Hmmm.

 

Back to the beautiful promise in Isaiah, the prophesy of what will ultimately occur after there is nothing left on earth: His glory will be fully revealed!

“The Lord All-Powerful will rule on Mount Zion in Jerusalem, where he will show its rulers His wonderful glory.” (v23, CEV).  He will show us His wonderful glory. He is showing us His wonderful glory. Every day! He will reign on Mount Zion in Jerusalem once again. He is reigning in the hearts of believers. Every day!

If you’re new to this journey through Isaiah, you can start here.

(c) 2020. Rich Ronald.

Isaiah 23

Rejoice always, pray continually, give thanks in all circumstances.

Because of the importance of Israel and its people, and my personal love for The Land, I’m inviting you to join me through the key Old Testament book of Isaiah.  Each day I’m posting some simple thoughts about this complex prophet.

Isaiah 23.

More woe. That certainly appears to be a constant theme, right? This time the circle expands to the north of Israel, to what is Lebanon today. Tyre of Ancient Days is near today’s Beirut. It is most associated with precious metals and the source of King Solomon’s wealth. The location of Tarshish has been lost to antiquity. Some suggest Italy or as far away as southern Spain. Or even right near Tyre.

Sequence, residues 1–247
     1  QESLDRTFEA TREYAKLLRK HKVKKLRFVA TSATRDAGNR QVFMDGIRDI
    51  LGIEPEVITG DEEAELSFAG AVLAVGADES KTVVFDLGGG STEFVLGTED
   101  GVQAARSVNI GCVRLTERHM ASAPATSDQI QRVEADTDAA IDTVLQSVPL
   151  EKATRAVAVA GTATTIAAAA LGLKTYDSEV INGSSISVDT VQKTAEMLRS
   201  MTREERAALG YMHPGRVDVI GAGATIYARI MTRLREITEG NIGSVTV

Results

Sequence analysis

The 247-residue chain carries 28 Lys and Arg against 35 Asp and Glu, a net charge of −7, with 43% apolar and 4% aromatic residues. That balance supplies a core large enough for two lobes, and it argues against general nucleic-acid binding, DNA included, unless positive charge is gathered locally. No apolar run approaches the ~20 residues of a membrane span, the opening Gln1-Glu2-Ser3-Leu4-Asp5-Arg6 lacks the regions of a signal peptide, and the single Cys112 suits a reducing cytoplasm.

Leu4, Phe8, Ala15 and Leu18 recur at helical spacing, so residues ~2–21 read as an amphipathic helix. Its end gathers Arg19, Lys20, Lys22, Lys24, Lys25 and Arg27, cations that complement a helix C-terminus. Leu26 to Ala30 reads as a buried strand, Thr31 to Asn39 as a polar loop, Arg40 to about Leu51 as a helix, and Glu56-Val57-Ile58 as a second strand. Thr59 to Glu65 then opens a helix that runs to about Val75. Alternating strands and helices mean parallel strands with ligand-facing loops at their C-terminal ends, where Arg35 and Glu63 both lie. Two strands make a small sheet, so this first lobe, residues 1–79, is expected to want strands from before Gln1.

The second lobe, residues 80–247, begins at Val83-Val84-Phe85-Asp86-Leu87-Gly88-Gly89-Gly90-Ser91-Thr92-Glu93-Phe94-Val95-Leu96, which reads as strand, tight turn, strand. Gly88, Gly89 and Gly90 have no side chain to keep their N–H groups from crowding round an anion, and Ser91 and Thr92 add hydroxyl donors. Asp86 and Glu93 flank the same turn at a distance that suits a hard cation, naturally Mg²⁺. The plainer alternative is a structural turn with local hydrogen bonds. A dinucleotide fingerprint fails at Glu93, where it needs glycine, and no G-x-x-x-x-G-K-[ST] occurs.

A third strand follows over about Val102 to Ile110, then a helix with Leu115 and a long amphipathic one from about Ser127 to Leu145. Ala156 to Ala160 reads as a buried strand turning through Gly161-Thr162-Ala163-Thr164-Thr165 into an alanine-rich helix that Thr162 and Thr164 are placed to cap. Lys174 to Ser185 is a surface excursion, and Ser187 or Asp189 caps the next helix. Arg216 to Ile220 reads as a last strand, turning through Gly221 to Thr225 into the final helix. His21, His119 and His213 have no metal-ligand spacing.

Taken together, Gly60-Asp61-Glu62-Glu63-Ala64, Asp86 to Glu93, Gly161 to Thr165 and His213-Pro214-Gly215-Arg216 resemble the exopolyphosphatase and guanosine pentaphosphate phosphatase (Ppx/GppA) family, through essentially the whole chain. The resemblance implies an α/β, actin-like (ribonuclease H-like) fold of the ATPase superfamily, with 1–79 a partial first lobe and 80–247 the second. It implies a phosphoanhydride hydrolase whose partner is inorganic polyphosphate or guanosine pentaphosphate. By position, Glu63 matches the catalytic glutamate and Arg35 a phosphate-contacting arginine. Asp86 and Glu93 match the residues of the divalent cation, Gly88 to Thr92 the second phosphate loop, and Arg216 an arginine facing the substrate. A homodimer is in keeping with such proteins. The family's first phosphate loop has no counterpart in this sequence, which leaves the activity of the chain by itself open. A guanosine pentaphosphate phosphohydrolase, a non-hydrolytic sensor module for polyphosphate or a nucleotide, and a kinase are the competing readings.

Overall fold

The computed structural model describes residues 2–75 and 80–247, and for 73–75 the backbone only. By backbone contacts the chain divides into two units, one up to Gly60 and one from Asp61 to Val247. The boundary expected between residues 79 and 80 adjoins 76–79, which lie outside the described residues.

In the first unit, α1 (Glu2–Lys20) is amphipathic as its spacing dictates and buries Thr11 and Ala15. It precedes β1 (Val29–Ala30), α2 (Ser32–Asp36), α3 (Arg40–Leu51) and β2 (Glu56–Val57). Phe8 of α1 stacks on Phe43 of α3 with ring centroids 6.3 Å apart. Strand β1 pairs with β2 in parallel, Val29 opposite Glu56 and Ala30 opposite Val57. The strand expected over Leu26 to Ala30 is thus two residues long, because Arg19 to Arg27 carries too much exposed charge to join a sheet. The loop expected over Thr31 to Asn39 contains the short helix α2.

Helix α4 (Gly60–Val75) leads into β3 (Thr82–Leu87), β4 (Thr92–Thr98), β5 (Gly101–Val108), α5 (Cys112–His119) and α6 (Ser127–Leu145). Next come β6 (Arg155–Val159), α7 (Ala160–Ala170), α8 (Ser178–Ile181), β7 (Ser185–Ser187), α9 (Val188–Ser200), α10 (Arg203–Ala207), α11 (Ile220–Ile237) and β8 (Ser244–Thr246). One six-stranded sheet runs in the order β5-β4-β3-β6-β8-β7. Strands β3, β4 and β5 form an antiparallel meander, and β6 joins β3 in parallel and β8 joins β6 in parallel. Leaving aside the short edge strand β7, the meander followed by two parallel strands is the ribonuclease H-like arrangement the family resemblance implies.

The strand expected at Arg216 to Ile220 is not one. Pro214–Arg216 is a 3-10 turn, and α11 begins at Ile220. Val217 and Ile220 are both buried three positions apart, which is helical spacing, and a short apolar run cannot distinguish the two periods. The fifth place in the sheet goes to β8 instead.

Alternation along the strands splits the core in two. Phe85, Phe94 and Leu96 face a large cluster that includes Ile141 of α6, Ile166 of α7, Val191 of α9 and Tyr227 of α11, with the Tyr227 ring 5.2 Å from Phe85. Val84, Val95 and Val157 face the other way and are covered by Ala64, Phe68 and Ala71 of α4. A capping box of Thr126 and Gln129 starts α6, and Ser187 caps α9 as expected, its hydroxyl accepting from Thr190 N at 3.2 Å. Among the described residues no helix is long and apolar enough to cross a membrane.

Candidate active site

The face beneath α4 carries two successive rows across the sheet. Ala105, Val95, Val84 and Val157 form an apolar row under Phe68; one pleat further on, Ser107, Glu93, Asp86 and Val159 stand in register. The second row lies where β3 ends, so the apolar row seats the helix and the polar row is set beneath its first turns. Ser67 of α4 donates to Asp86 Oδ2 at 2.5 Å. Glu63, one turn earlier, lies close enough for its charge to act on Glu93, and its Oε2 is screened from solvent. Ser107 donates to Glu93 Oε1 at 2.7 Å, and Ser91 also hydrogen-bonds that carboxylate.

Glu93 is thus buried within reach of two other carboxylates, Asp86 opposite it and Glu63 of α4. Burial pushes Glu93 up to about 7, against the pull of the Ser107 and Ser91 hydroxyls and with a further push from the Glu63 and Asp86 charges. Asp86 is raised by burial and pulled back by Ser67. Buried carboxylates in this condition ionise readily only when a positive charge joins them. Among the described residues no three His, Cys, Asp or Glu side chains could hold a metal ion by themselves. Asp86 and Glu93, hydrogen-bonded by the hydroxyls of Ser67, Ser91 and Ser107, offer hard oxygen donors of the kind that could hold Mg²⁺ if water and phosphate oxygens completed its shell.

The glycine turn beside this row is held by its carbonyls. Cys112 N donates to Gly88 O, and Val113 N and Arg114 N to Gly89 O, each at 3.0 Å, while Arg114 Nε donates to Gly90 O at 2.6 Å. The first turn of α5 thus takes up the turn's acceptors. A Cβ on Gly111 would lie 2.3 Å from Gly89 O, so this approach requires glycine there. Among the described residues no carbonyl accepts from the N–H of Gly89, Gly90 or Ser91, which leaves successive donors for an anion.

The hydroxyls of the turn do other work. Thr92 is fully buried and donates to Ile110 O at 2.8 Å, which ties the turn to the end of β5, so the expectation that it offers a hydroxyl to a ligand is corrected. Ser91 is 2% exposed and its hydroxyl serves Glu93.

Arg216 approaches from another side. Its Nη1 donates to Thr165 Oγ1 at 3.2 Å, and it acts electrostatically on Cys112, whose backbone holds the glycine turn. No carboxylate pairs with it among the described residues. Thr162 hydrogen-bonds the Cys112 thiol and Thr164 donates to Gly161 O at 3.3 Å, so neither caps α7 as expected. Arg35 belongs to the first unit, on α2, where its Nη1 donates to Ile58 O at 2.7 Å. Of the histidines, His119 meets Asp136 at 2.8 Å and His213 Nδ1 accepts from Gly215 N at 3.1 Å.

This is again a reminder that man’s wealth is but a mere speck in time. It comes and goes as the waves of the oceans upon which the sailor journeys.

One day, the city of Tyre’s wealth will be restored. But look at this:

“At the end of those seventy years, the Lord will let Tyre get back into business. The city will be like a woman who sells her body to everyone of every nation on earth, but none of what is earned will be kept in the city. That money will belong to the Lord, and it will be used to buy more than enough food and good clothes for those who worship the Lord.” (v17-18, CEV).

This outlines an amazing principle. No matter the source of the wealth, it all belongs to God and God will use it for His purposes. He can use even the evil of the world to bless those who worship Him.

I’m reminded of the story of Joseph in Genesis. His was a life of major trials. His own family sold him into slavery. He was unjustly imprisoned for years. And yet, God used all of that for God’s glory and Joseph’s joy. As the story concludes Joseph is reunited with his brothers and declares that he holds no ill-will towards them:

“Don’t you see, you planned evil against me but God used those same plans for my good, as you see all around you right now—life for many people.” (Genesis 50:19-20, MSG).

As you trust Him, God will use your trials — even things that might be considered evil directed against you — for His good, for His glory, and your joy. Our call is to be faithful to Him no matter the circumstances or situation.